“These are very serious indicators,” Moussa said and asked whether the financial and economic embargo should continue to force this population to submit to Israeli policies.
Moussa said the Iraqi situation had gone from bad to worse. The country’s poverty level is the same as that of the Palestinians. Over 10 million Iraqis are living on the poverty threshold. Unemployment stands at some 50 percent. Casualties are one million and half a million others are wounded and disabled.
“These figures show the acuteness of the crisis experienced by Iraq today. Iraq is threatened by internal strife and religious as well as sectarian and ethnic conflict,” he added.
“We see no other way of coming out of the crisis in the Arab world except if the UN Security Council imposes a political framework that supports the current security policy and guarantees attainment of a consensus among all political parties that will ensure equal citizenship and fair distribution of wealth.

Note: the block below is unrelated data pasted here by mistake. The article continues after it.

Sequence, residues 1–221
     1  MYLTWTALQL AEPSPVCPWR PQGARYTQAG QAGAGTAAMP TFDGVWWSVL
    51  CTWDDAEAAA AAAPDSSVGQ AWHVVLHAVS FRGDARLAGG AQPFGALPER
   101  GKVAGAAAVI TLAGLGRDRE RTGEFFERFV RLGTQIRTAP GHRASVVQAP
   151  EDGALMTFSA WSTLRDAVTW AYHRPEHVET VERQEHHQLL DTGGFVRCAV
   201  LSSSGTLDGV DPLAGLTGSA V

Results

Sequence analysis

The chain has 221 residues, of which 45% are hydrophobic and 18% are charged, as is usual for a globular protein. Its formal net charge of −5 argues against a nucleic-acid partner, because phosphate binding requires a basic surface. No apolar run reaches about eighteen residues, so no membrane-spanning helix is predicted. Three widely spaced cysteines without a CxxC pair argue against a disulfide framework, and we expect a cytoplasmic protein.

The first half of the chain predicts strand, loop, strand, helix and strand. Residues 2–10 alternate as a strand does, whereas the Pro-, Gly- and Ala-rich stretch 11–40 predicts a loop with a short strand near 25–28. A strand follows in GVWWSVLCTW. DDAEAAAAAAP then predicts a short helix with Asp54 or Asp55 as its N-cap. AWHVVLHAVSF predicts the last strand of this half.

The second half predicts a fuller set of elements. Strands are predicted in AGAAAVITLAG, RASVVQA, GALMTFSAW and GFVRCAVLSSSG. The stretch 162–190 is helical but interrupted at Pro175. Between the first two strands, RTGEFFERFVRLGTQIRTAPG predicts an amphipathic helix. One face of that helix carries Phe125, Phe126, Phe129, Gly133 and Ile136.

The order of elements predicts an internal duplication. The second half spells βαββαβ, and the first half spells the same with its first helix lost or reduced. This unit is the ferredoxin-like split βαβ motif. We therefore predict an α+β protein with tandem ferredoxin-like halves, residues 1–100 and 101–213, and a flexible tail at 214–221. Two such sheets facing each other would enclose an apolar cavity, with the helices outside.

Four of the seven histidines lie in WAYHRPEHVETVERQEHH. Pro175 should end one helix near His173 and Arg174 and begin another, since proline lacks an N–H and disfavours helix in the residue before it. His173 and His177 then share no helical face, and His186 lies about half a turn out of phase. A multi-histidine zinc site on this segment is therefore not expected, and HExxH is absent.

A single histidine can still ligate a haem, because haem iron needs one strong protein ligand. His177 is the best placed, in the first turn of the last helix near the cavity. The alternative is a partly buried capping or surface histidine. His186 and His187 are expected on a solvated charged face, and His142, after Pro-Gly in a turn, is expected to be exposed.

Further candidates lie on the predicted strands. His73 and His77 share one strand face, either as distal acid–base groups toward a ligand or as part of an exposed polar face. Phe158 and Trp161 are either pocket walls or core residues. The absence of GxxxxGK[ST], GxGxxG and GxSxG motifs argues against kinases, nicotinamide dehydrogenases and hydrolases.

“It should also ensure that Iraq continues to abide by the constitution, that it rejects terrorism and upholds the rule of law. Occupation forces should withdraw. No outside party should interfere with the country’s domestic policy. The country should be helped to re-establish its security institutions,” said Moussa.
The importance of the economic sector in the Arab world should be above the impediments that may hinder Arab joint actions in all spheres of activity, he said, adding that the Arab world is a land of promise in human and natural resources and so great efforts must be made to overcome all of its impediments in order to attain appropriate and positive results.
Reiterating that various Arab states have made quantum leaps in education and many other sectors, Moussa said progress was all the more obvious in Egypt, North Africa and other parts of the Arab world.
Moussa said there was a general tendency to see the movement to reform as fraught with concern.